Stage of sleep important for the process of consolidating memories
The consolidation of new information is also influenced by its relationship to existing knowledge structures, or schemas, but the role of sleep in such schema-related consolidation is unknown.
After a 24 h retention interval, including a night of sleep, which we monitored with polysomnography, participants encoded a second set of facts.
Finally, memory for all facts was tested in a functional magnetic resonance imaging scanner.
Behaviorally, sleep spindle density predicted an increase of the schema benefit to memory across the retention interval.
Higher spindle densities were associated with reduced decay of schema-related memories.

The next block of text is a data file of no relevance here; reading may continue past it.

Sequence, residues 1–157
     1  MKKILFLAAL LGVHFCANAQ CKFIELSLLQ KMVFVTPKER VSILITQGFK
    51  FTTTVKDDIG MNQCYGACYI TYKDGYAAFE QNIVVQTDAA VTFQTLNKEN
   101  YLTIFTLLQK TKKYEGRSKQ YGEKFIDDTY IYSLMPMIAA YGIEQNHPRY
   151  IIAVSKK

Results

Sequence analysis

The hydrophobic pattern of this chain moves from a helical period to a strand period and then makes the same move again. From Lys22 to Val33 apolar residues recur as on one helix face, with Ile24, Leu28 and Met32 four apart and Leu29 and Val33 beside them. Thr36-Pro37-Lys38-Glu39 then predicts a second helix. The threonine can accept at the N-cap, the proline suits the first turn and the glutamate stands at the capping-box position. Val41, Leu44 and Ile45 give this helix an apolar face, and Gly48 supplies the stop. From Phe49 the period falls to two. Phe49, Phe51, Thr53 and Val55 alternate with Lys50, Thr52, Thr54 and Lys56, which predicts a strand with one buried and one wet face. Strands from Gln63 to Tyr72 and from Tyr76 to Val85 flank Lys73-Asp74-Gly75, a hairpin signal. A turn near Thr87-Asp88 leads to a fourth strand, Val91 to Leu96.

Functionally, spindle density predicted increased disengagement of the hippocampus across 24 h for schema-related memories only.
Together, these results suggest that sleep spindle activity is associated with the effect of prior knowledge on memory consolidation.
SIGNIFICANCE STATEMENT Episodic memories are gradually assimilated into long-term memory and this process is strongly influenced by sleep.
Information that relates to a prior knowledge schema is remembered better and consolidates more rapidly than information that does not.
Another factor that influences memory consolidation is sleep and growing evidence suggests that sleep-related processing is important for integration with existing knowledge.